UGA Extension Office

Our Impact

Making A Difference in Our County

University of Georgia Cooperative Extension is working hard for its constituents. The following are examples of Extension’s impact in the county over the past year.

Agriculture and Natural Resources

UGA Extension Agriculture and Natural Resources (ANR) Agent Bobby Solomon, who also serves as a Fort Valley State University (FVSU) county Extension agent, provides specialized, research-based educational information and technical assistance to farmers and homeowners countywide. Extension handled 1,475 office visits, including 107 in-person contacts, 390 phone contacts and 978 written or email contacts. In addition, the agent made 125 site visits and processed 51 soil and water samples through UGA laboratories. Also, recommendations were made through Extension publications pertaining to aquaculture, large and small ruminants, forage and small-grain production, forestry production and marketing, general agriculture and natural resources, horticulture, ornamentals, poultry, pond management, pecan orchard pest management, soil fertility, U.S. Department of Agriculture (USDA) farm programs, water quality, and wildlife food plots.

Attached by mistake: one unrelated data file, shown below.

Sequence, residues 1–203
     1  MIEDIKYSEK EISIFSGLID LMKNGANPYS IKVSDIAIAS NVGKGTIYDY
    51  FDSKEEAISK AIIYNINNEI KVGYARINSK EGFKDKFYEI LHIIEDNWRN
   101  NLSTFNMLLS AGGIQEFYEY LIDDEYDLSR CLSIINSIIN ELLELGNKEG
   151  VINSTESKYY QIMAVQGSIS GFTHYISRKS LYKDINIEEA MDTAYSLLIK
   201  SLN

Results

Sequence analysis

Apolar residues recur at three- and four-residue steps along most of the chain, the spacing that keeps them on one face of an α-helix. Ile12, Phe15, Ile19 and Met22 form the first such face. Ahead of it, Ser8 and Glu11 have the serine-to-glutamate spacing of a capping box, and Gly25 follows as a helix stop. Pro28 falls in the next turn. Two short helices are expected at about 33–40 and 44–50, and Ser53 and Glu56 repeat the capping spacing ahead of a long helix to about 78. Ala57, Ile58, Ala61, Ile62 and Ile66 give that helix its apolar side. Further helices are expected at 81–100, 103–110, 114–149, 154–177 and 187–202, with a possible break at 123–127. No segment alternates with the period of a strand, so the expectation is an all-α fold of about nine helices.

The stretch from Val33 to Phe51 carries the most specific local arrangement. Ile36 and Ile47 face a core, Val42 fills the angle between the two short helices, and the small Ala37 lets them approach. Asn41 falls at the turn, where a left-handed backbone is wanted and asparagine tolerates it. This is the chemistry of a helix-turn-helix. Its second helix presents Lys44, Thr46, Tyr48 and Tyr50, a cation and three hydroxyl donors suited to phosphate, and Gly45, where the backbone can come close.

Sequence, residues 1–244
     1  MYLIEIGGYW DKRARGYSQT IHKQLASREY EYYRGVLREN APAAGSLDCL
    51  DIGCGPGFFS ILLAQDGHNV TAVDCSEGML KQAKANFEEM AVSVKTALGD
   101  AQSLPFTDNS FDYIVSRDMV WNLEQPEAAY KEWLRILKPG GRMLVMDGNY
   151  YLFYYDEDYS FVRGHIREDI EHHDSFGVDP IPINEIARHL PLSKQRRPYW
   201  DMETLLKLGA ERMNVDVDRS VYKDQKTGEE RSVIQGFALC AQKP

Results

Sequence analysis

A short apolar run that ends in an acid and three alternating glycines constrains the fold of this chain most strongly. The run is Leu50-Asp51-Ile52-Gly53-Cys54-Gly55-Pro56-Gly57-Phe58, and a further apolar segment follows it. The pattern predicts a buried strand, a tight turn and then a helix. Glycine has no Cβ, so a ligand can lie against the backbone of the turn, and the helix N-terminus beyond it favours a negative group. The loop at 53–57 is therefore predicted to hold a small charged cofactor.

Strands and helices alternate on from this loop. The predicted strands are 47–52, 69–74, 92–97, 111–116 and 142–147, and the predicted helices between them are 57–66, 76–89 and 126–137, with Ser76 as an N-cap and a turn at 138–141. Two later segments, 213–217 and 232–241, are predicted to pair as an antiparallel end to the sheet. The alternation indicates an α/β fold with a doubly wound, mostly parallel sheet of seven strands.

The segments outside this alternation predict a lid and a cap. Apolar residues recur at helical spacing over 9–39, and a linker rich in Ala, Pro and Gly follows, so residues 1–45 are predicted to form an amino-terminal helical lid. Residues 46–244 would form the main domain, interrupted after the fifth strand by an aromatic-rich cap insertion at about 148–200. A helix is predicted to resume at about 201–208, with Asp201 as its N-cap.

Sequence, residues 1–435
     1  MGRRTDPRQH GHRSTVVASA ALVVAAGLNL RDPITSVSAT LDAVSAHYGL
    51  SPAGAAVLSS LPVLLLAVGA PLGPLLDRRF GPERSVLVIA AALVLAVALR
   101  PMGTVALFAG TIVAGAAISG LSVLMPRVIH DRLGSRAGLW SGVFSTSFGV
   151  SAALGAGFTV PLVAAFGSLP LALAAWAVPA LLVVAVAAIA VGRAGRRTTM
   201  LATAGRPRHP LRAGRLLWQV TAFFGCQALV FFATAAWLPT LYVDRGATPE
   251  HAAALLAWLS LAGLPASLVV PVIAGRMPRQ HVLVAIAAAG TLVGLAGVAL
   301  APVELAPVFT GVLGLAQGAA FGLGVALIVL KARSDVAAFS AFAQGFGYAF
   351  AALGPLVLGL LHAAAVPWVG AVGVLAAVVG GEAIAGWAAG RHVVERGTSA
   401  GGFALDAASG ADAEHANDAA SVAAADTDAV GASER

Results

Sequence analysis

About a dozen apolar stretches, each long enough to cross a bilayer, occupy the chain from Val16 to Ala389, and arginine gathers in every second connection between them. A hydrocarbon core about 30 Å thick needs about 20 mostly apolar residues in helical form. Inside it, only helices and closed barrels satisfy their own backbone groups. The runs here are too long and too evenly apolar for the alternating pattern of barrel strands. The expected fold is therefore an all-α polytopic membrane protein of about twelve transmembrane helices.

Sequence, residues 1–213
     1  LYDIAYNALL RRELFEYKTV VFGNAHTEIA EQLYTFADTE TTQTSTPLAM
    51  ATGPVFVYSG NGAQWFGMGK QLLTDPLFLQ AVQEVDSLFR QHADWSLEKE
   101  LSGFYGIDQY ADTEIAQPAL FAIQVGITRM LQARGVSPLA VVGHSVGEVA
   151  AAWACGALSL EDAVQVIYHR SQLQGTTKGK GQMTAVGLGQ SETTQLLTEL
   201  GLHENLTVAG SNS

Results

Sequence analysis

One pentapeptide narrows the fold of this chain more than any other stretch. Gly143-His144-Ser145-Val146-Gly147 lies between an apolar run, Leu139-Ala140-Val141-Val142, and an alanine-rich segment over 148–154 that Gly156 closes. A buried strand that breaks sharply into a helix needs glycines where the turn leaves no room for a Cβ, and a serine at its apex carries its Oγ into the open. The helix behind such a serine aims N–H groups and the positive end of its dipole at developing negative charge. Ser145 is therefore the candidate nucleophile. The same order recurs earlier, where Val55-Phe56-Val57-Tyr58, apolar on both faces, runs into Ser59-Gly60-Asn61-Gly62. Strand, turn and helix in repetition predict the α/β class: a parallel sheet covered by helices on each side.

To be eligible for payments and benefits under specified USDA farm programs administered by the Farm Service Agency and Natural Resources Conservation Service (NRCS), all program participants, either individuals or legal entities, must provide significant contributions to the farming operation to be considered “actively engaged” in farming. Contributions can consist of capital, land and/or equipment, active personal labor and/or active personal management. The management contribution must be critical to the profitability of the farming operation and the contributions must be at risk. In collaboration with the USDA, the Extension agent successfully provided unbiased education and outreach to nine new individuals and entities in Talbot County, which resulted in NRCS Environmental Quality Incentives Program (EQIP) contract obligations of $227,000.

A beginning-farmer small ruminant producer needed 3,000 feet of fence installation and the county agent helped locate a contractor, saving the producer $5,800.

Through the FVSU Cooperative Extension Teaching Enlightening Achieving Mentoring (TEAM) program, the county agent trained and supervised a Central High School student learning about the many available ANR disciplines and agricultural careers. At the end of a six-week period, she received a stipend amounting to $2,100.

Download Our Annual Report (pdf)